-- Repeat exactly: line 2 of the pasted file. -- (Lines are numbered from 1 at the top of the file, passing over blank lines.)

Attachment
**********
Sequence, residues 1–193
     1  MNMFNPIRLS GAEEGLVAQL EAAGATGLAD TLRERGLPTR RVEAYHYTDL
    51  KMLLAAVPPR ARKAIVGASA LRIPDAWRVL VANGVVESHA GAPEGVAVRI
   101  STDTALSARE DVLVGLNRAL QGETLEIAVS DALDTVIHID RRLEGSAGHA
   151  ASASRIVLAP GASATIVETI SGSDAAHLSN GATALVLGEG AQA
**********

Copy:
     1  MNMFNPIRLS GAEEGLVAQL EAAGATGLAD TLRERGLPTR RVEAYHYTDL